What is solidarity? Solidarity is about actions. It’s about commitments. It’s not about affection. Solidarity implies that there’s difference and that we are organizing and committing to each other across that difference. We are connecting across the difference. It doesn’t erase difference from view. It doesn’t set up a false and dangerous expectation of harmony and kinship, which then, of course, creates unbelievable drama and fragility. Solidarity allows us not to like each other. I told you about that feminist hero of mine who was, like, not really my BFF, who was a little bit rude to me — no, a lot rude to me. I don’t have to like her to buy her book. I don’t have to like her to respect her. I don’t have to like her to share her really brilliant work and ideas. We don’t have to be sisters. We can be allies. We can be in solidarity with each other. We might not be companion plants. We have to be planted apart, but we all belong in the feminist ecosystem. Solidarity can be a more inclusive way of being together and belonging to each other that doesn’t require the bonds of affection 24/7 or the expectation of a lack of conflict.
We can still be part of the feminist ecosystem and in solidarity with each other even if we don’t personally like each other. Even if we are massively different from each other we can be in solidarity with each other. That is not necessarily true about sisterhood. That’s why I think it’s more important for us in our relationships, our political relationships, our political commitments, our teambuilding in our leadership roles to orient around solidarity rather than the expectation of sisterhood. I think it’s more durable. I think it’s more realistic. I think it will help us manage conflict without shunning or exiling each other. I think it will help us not have unrealistic expectations and be profoundly disappointed with each other. I think it will help keep ourselves safe because it will moderate how vulnerable we are with each other, and we will only offer our vulnerability to people who have established themselves as safe for real in practice. I think it’s way better for all of us, individually and collectively, if we use solidarity as our mode of interaction or our core — if we use that as our organizing principal, I guess.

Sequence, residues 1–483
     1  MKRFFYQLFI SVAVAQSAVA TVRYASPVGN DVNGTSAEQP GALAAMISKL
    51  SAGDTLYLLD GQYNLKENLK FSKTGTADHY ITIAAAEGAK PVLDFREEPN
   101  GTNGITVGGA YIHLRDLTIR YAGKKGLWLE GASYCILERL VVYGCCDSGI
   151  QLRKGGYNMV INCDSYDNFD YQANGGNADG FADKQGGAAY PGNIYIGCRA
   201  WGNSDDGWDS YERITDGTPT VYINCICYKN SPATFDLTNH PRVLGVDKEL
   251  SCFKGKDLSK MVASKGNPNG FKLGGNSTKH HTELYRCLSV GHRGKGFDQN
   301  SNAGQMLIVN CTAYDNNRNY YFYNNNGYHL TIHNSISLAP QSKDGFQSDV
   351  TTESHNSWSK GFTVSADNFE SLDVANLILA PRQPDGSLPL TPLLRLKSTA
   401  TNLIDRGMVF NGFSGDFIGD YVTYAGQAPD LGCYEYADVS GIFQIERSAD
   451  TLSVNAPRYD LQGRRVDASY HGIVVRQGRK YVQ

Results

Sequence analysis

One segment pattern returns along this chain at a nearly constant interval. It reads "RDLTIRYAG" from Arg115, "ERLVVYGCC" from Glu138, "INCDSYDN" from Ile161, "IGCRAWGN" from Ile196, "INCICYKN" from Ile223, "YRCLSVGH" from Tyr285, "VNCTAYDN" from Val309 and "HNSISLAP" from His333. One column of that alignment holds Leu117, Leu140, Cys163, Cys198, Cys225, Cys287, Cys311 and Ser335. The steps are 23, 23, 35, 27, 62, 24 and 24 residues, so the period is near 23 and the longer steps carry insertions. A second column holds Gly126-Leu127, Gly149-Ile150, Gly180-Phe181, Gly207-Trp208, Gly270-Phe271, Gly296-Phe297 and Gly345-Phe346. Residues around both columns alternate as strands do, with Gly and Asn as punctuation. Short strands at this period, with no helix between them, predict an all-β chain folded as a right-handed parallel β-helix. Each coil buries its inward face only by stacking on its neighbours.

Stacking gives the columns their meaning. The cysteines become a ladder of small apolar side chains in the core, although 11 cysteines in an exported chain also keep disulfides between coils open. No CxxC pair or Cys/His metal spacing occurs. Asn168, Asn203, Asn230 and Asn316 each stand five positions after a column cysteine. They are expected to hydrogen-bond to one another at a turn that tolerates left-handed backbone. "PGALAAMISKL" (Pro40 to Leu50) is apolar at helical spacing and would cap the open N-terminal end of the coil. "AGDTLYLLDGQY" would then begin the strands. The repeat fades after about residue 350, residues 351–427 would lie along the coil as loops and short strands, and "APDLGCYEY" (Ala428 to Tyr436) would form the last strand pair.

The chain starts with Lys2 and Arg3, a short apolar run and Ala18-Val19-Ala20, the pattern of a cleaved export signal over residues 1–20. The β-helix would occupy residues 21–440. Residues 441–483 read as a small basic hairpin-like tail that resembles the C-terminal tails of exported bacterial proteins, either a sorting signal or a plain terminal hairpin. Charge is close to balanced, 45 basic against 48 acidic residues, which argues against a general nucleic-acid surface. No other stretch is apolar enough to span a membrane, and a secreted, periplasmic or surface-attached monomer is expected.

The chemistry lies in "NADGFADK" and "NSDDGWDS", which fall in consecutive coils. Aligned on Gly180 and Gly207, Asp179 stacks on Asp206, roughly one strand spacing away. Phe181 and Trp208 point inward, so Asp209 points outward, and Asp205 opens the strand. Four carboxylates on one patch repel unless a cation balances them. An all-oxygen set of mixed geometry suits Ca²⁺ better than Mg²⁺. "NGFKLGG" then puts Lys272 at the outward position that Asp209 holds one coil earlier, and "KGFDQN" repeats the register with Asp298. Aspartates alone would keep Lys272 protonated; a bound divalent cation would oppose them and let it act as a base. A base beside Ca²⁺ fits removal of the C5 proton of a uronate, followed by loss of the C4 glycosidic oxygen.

Doctor Kimberly B. George, on Instagram, recommended this when we were talking about this notion of solidarity over sisterhood. She cited Gloria Anzaldúa who writes that, “Solidarity means we decide collectively what is needed for the common good and we provide it through systemic means.” These are political decisions, and political commitments, and culture-making commitments that we are making to each other to change the system so that it’s good for all of us. This is exactly what I mean when I say I’m here for a future in which we all flourish. We’re all going do our part. We are making a commitment as a collective to create a future in which we all flourish, even if we’re different, even if we don’t like each other, even if we don’t all have the same ideas, we are going to commit to being in solidarity with each other so that we can all flourish, and we’re going to create mechanisms for that flourishing to be possible.
EMBRACE “COALITION” INSTEAD OF “COMMUNITY”
Language that I think is more useful than community is coalitions. I’m actually loving the word coalition. Let’s embrace coalition instead of community. Coalition doesn’t imply friendliness, affection, safety. It implies people of different backgrounds, different focuses, different priorities coming together over a shared priority. I like coalitions over community, and I like solidarity over sisterhood, because again, it doesn’t imply that we have to be in affection to be in political relationship with each other.
I think coalitions and solidarity are more durable ways to organize and relate and lead and lead teams and culture-make. Solidarity over sisterhood, always.
This was drawn from a class in We Are The Culture Makers